I am a Canadian nurse. I realized that our health is socially determined while working with children from northern communities in a pediatrics ward.
A baby was admitted to pediatrics during my night shift a few years ago. The memory has blurred a bit with time, but I recall this little patient’s full head of dark hair, and her worried mom and auntie. I can still see the panic on their faces, the concerned lines on their foreheads, how they wouldn’t let their precious little one out of sight. It was breathing problems. Her family took her from their northern reserve community to the closest hospital, then to the nearest city for treatment.
"Zoey" was about three months old and had a two year old brother at home with the rest of their family. It’s common for our pediatric ward to treat patients from northern communities, so I’m used to seeing parents and loved ones enduring the stresses of being far from home in an unfamiliar place. The ongoing challenge of being present for one’s sick child is worsened by worry for the other family members back at home, hours away.
As baby Zoey settled in safe and sound with oxygen and monitors, the doctor talked to her mom. Zoey’s breathing problems were consistent with pertussis (whooping cough). It’s highly contagious, so the doctor asked who else Zoey had been in contact with, and about her vaccination history.
Zoey had not received her pertussis vaccination yet, and it seemed her brother "Zeke"'s vaccinations were behind as well. Zoey’s breathing problems had started a day or two after her brother caught a cold. The doctor raised concerns about the brother’s sickness being more than a cold, and instructed that he needed to be watched closely for signs of whooping cough. Baby Zoey was resting and peaceful, but her mom was unsettled by the doctor’s words. The next day she returned home to her toddler Zeke.
"No child in Canada should be dying from an illness which we can vaccinate against."
When I returned for my next shift, I learned that Zeke had died from whooping cough. Looking into her room and seeing that full head of hair, that perfect baby, I could feel the disconnect between her peaceful breaths and the tragedy that her family was now immersed in. It seemed surreal. Frustration crept up. Pertussis is a nasty bacterium, but we have a way of preventing it. No child in Canada should be dying from an illness that we can vaccinate against.
I thought of Zoey's family. How could they not get their little boy immunized? But as my frustration turned toward them, I remembered the faces of Zoey's mom and auntie. Their love for Zoey was obvious in how they held her, nurtured her, spoke to her. I couldn’t believe such loving and attentive family members would deliberately choose to not prevent an illness if they were given the opportunity.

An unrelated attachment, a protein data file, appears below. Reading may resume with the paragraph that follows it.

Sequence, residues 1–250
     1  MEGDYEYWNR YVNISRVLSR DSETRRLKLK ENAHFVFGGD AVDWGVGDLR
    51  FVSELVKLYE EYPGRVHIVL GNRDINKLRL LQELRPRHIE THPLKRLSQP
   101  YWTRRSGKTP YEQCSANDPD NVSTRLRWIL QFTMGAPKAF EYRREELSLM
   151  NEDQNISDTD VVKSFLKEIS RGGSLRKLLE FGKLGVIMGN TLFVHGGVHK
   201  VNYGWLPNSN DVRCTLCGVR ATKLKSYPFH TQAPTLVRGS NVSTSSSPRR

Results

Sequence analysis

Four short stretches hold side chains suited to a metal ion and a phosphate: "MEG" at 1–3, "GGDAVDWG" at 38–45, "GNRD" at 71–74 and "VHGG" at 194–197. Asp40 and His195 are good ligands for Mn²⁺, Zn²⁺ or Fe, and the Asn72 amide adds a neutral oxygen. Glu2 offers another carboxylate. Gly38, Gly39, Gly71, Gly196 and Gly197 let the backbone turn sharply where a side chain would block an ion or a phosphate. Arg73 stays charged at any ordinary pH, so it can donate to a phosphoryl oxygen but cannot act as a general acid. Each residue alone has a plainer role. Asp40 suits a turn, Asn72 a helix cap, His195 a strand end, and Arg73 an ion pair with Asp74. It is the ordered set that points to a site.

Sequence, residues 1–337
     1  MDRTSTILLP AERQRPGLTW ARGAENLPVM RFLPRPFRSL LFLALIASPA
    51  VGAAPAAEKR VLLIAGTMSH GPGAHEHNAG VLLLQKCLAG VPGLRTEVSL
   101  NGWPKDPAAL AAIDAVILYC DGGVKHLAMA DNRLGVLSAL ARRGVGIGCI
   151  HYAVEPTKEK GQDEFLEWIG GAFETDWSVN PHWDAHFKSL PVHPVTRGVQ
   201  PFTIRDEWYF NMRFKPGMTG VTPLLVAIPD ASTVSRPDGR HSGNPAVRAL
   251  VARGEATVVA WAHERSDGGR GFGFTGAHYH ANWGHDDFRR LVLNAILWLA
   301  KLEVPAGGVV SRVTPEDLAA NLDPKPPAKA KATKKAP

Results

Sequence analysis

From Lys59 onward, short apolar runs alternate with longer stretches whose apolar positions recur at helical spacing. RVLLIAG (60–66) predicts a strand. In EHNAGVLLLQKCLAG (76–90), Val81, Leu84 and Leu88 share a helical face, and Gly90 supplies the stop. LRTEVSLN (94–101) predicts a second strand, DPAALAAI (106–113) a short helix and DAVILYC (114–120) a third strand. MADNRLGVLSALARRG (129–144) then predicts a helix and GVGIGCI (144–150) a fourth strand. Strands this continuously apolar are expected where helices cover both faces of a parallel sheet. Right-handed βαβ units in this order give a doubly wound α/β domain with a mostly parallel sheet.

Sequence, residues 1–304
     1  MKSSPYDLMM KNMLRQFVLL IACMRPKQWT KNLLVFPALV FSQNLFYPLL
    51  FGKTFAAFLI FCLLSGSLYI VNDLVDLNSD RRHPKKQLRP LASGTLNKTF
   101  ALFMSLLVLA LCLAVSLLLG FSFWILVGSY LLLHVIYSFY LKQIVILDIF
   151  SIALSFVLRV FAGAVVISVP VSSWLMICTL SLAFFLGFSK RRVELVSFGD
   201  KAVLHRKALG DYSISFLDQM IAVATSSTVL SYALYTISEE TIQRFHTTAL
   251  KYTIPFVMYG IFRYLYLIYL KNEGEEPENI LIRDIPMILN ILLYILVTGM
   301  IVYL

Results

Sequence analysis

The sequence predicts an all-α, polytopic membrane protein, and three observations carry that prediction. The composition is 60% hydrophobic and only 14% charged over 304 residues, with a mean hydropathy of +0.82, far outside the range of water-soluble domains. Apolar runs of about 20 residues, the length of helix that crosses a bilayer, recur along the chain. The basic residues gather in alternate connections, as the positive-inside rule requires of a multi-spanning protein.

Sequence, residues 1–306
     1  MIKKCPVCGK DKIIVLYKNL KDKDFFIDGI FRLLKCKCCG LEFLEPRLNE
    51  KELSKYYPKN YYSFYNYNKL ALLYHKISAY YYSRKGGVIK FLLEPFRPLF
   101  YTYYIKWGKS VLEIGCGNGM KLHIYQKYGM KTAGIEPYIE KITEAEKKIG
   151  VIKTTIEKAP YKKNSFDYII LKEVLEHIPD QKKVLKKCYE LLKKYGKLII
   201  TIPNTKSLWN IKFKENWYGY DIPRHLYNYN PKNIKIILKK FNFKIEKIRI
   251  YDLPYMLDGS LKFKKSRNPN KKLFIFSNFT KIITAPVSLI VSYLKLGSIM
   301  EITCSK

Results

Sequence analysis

I began wondering about this northern family’s access to vaccinations. How far do they have to travel each time an immunization is due? Are they contacted, taught about the vaccination schedule, about the illnesses being vaccinated against? What do we do to make easy for them? What don’t we do?
"I think we can do better."
On January 26th the Canadian Human Rights Tribunal ruled that the Canadian Government is racially discriminating against First Nations children and their families in providing inadequate child welfare services to children on-reserve. This ruling is not specific to vaccination access on-reserve, but systemic discrimination shows itself in a variety of ways.
I hope that this ruling, fought so hard for by Cindy Blackstock and others, can open our eyes to the inequality with which the people of Canada's North are treated, so we can do better. Canadians must demand improved access to health, education and support the North, and I believe that health care providers can and should lead by demanding these improvements in a visible way.
I think we can do better. Large scale changes like this take time. Fortunately, such work has already been underway for years. If you want to support a strong movement calling for improvements in access for First Nations children, check out Jordan’s Principle here.
If you're in the Ottawa area in early April, don't miss Cindy Blackstock at Closing the Gap Canada: Action for Health Equity.
Sharissa Hantke is a registered nurse who works in pediatrics and in community health. She imagines a healthier, more equitable version of Canada, and works on bringing that version into being. Sharissa loves being part of a variety of communities in Saskatoon, especially swing dancing and social justice communities. She wishes that all Canadian communities could access what they need to make them healthy.